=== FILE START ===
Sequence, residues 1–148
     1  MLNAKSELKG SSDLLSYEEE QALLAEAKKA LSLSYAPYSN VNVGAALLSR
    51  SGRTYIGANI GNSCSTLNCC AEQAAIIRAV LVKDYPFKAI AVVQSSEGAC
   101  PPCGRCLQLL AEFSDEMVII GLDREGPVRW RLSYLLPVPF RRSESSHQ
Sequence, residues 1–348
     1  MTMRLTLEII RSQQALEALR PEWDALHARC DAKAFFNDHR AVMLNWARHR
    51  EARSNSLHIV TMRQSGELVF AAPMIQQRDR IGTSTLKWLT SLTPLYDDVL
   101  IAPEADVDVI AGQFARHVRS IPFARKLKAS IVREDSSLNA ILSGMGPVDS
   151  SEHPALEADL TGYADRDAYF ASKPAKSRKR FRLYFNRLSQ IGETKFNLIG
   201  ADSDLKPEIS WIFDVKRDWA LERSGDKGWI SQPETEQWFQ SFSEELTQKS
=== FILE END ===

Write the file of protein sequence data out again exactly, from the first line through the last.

Sequence, residues 1–148
     1  MLNAKSELKG SSDLLSYEEE QALLAEAKKA LSLSYAPYSN VNVGAALLSR
    51  SGRTYIGANI GNSCSTLNCC AEQAAIIRAV LVKDYPFKAI AVVQSSEGAC
   101  PPCGRCLQLL AEFSDEMVII GLDREGPVRW RLSYLLPVPF RRSESSHQ
Sequence, residues 1–348
     1  MTMRLTLEII RSQQALEALR PEWDALHARC DAKAFFNDHR AVMLNWARHR
    51  EARSNSLHIV TMRQSGELVF AAPMIQQRDR IGTSTLKWLT SLTPLYDDVL
   101  IAPEADVDVI AGQFARHVRS IPFARKLKAS IVREDSSLNA ILSGMGPVDS
   151  SEHPALEADL TGYADRDAYF ASKPAKSRKR FRLYFNRLSQ IGETKFNLIG
   201  ADSDLKPEIS WIFDVKRDWA LERSGDKGWI SQPETEQWFQ SFSEELTQKS